News: HAWA Goes Surfing
The Hardware Association of Western Australia (HAWA) has come on board to partner a major community fundraising event for essential surf rescue equipment – the DIY4 Surf Life Saving Community Beach Walk at Scarborough beach.
Caption: Getting ready for the Community Beach Walk, L-R: Gabby Collins (Bunnings, Balcatta), Glen Jakovich (former West Coast Eagles star), Emma Wynne (surf lifesaver) and James Winrow (Bunnings, Welshpool)
“This event offers something for everyone – sun, surf, sand, light exercise, entertainment and prizes, all the while supporting the unsung heroes of the beach,” said Paul Andrew, CEO, Surf Life Saving Western Australia. The DIY4 Surf Life Saving Community Beach Walk is a leisurely 5km walk in the Sand, starting and finishing at Scarborough Beach. The walk commences at 10am, November 27, and entry is by donation. HAWA members such as Bunnings, Mitre 10, Sontax, Dulux and ITW Proline have been encouraging their employees to participate in the event as well as running in-store fundraising activities leading up to the November walk. HAWA has raised $145,000 through sponsorship for the event and hopes to raise a total of more than $250,000. Former West Coast Eagle, Glen Jakovich, is the official ambassador of the DIY4 Surf Life Saving Community Beach Walk and has been encouraging locals to get active and help WA’s volunteer surf lifesavers. “It’s so easy to help save lives. Just surf the net for www.diy4surfwalk.com.au and register your participation,” said Glen.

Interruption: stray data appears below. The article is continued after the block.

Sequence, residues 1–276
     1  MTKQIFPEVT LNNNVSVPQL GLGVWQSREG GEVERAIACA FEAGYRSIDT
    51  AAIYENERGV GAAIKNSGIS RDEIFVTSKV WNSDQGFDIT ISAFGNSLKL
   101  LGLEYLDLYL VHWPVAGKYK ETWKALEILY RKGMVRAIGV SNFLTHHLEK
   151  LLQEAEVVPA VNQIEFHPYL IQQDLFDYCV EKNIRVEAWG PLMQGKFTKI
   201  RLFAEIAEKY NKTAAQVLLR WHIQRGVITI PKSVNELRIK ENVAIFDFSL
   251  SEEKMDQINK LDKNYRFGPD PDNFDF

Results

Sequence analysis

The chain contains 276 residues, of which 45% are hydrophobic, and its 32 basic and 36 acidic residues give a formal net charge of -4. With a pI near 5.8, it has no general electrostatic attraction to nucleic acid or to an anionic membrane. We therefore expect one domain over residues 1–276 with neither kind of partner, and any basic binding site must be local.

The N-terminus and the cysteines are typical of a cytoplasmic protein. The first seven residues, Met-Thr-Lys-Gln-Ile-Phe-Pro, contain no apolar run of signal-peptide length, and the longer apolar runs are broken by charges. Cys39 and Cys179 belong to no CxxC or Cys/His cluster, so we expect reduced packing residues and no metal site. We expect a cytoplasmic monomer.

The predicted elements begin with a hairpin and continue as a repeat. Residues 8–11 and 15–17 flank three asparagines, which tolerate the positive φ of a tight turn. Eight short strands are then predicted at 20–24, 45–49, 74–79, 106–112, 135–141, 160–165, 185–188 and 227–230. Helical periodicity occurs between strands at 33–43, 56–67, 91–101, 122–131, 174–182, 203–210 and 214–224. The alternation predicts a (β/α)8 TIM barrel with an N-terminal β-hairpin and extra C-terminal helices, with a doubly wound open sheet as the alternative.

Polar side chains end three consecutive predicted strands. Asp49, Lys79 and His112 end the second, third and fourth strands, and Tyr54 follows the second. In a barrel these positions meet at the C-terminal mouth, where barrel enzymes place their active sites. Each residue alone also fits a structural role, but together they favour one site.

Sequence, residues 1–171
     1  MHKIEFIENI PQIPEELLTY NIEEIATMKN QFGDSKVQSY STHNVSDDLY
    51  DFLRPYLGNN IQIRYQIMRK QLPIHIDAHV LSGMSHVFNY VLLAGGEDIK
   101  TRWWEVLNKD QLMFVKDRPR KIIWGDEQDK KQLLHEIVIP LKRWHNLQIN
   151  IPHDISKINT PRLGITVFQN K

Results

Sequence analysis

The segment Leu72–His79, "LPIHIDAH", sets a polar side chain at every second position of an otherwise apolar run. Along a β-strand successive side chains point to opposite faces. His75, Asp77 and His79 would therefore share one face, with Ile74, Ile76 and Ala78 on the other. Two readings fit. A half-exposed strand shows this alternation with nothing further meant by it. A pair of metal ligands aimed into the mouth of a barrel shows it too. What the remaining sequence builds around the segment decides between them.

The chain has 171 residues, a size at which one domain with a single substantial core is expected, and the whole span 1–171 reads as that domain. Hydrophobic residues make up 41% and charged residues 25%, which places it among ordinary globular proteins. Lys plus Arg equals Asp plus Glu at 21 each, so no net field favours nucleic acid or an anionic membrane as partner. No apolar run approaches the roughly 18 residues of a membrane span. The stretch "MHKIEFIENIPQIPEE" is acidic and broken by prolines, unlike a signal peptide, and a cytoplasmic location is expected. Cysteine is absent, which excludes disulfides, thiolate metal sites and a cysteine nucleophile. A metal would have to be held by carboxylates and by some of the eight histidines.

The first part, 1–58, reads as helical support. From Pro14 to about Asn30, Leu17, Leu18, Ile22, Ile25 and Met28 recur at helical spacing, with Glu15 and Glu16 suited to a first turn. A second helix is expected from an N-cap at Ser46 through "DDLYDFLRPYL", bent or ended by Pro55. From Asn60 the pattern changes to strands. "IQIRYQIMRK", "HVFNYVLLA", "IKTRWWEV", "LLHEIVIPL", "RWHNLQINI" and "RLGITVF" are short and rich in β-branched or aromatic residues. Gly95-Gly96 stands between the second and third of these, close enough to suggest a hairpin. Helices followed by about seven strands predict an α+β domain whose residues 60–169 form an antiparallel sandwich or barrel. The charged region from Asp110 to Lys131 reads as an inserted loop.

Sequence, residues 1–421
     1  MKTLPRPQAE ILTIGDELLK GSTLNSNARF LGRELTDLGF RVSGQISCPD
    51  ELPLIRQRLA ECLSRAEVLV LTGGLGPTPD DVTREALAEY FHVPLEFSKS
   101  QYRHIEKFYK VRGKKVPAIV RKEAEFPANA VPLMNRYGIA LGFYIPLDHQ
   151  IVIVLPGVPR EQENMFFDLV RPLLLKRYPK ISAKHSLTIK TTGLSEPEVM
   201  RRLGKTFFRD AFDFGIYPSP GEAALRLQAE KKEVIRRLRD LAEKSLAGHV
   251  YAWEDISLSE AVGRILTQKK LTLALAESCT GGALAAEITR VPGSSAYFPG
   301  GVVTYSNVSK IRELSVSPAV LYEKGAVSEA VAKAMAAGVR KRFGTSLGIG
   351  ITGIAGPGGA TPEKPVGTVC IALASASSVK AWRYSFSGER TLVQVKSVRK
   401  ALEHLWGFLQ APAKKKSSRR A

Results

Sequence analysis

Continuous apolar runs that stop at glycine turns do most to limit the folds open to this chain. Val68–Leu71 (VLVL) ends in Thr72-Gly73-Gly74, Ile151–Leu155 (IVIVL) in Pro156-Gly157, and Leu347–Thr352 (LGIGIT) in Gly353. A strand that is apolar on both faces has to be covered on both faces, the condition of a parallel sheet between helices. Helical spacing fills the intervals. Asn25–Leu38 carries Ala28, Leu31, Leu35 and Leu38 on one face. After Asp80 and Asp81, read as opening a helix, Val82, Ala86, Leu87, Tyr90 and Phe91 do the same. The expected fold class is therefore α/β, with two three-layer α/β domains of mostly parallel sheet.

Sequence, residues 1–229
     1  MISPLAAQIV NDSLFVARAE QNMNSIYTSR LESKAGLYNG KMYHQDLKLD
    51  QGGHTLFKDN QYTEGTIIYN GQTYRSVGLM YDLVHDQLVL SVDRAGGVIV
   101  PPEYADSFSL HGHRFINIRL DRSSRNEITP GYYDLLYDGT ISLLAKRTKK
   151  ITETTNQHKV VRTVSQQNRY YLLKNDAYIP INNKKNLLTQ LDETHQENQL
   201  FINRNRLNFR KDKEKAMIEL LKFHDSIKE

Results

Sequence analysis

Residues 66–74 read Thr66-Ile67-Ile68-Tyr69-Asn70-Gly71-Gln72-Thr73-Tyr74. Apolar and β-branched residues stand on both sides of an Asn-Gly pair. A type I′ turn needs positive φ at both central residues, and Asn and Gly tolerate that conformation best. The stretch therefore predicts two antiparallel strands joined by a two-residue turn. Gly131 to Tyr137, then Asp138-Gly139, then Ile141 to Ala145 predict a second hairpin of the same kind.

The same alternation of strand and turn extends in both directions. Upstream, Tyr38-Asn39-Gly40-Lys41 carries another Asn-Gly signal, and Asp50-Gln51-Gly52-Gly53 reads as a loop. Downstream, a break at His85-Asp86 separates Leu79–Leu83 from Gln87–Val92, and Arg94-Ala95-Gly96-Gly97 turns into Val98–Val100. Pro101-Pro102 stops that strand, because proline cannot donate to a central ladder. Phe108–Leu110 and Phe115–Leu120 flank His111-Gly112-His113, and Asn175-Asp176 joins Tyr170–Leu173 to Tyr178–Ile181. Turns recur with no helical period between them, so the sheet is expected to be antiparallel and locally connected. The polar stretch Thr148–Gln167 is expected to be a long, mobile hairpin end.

A non-profit association, SLSWA continually faces the challenge of funding vital emergency rescue equipment to support Western Australia’s volunteer surf lifesavers who rescue many hundreds of swimmers each summer.
“Surf lifesavers are passionate about keeping WA beaches safe and saving lives. As a volunteer organization we need our community’s help to address the increasing costs of emergency rescue equipment and ensure that all preventable drownings are just that – prevented,” Paul Andrew said.
“Surf lifesavers provide a free community service in Western Australia, yet operational costs add up to a staggering $7.4 million each year.”